I was thrilled that Peter agreed to share with 4dancers readers a bit about his life-changing adventures; his passion and drive for creating cutting edge choreography; and of course, his lovely humanity in connecting with artists across vastly different disciplines and languages. We spoke for about an hour over Skype while he was on a break from rehearsals.   – Karen Musey


Dancers of Les Grands Ballets Canadiens de Montréal. Photograph by John Hall.

KM You have had an illustrious career and have explored many different avenues of work as a choreographer. What has prompted you to branch out?

PQ I’m very excited that I’ve been working as a choreographer now for over 20 years. And that has given me an incredible life, with experiences that I’d never expected I would encounter. I’m looking forward to more.

I’ve really tried to choose projects that scare me. If I don’t face a project in sheer terror with the feeling of “I’m not skilled enough for this”, then there’s an excitement that’s going to be missing.

KM You make bold choices and continually seek out opportunities to collaborate – how have these different experiences informed your perspective as a choreographer?

PQ I am currently collaborating with Montréal Danse for the creation of a new piece. To spark the creative genesis of the piece, Artistic Director, Kathy Casey proposed a question to me – “How would you make a dance if you didn’t consider the audience?”. That flummoxed me, because for me, one of my hang ups is trying to gauge what an audience is going to relate to. But if you always try to make something an audience will like, soon you will end up only sitting in the audience with them.

We started out with an initial two week rehearsal period. We spent the better part of it figuring out different ways of connecting as a group of people, when I suddenly realized that what was most interesting about this collaboration was the bond that we had as a team. The idea became how to find a way to create a social connection with the audience: essentially, a “social experiment”.

                                  Photograph by Jean-Matthieu Barraud.

We are now building a durational production where the whole audience is animated the whole time through technology. They will be using their phone and their signals will be turned on. We are playing with people’s connection to their phones. We are seeing the phone as an extension of their bodies, as an extension of themselves. We are playing with the idea of how we can be drawn together through this immediate technology while not getting so disconnected from ourselves physically that it ceases to be dance.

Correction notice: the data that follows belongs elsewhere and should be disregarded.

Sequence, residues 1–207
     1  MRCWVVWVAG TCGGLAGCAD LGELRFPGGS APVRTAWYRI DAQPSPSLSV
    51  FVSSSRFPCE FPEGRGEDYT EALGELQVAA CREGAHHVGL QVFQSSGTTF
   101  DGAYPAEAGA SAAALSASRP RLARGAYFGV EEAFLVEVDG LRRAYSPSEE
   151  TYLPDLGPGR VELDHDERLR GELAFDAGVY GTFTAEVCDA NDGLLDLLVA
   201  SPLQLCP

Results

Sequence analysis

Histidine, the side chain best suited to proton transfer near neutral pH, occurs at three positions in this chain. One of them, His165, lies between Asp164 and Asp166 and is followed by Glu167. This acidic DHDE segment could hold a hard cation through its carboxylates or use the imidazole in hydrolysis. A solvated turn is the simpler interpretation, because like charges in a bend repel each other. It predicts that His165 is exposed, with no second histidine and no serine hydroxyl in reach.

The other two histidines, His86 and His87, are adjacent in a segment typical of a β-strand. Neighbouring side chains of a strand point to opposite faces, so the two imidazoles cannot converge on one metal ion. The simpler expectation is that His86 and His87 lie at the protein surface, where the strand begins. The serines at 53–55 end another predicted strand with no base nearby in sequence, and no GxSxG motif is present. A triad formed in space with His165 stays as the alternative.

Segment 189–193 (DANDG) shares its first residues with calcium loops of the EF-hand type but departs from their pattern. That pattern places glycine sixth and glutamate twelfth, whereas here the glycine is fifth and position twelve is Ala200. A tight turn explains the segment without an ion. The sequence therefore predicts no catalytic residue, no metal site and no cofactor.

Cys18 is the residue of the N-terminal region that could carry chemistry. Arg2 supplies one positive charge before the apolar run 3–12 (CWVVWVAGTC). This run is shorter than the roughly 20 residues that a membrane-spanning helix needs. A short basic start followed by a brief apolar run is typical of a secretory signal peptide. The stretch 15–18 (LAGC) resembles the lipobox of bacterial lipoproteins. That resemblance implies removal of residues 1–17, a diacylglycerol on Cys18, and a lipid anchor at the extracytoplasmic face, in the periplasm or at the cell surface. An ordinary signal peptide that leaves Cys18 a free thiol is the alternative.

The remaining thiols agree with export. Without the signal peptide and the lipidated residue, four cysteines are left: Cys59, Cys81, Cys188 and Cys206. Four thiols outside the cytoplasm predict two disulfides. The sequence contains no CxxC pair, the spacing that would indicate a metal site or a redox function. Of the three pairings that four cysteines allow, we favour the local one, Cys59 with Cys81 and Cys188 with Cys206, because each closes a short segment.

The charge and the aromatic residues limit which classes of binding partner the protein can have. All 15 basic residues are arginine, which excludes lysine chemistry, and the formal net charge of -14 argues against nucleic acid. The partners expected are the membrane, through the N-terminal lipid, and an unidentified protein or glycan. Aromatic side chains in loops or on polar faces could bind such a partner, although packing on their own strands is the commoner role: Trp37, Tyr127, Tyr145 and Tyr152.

KM An interesting paradox.

PQ Oh it’s been fantastic! We are finding ways of using the phones to show us our bodies and our movement in ways you can’t see in a normal performance. We are using video that is taken live, utilizing different perspectives to see parts of an image; using the settings on the phone to both create light or diminish what you see in an image. This is how we build “community” in this performance; and we risk in being brought close together with an audience in an artistic relationship, which is very exciting.

No one on our team has ever done a project like this. We are learning how to define what is happening without over defining things, because this choreography is not about steps. One of our dancers coined the phrase “aesthetic of the situation”.

I’m interested in revealing how artists think in spontaneous ways, how they make choices based on their knowledge of movement and performance; I’m curious about dancers themselves being the vulnerable material from which our experience emerges.”

The work with dancers I have in Montréal requires a sensitivity to an ever shifting relational dynamic – between the artist, their relationships to technology and the structure we have all defined as a group. In contrast with that process, I’ve gone off to work with very classical ballet companies setting choreography that is highly determinate of the music and relates closely to architectural structures in movement, which of course has to be very precise.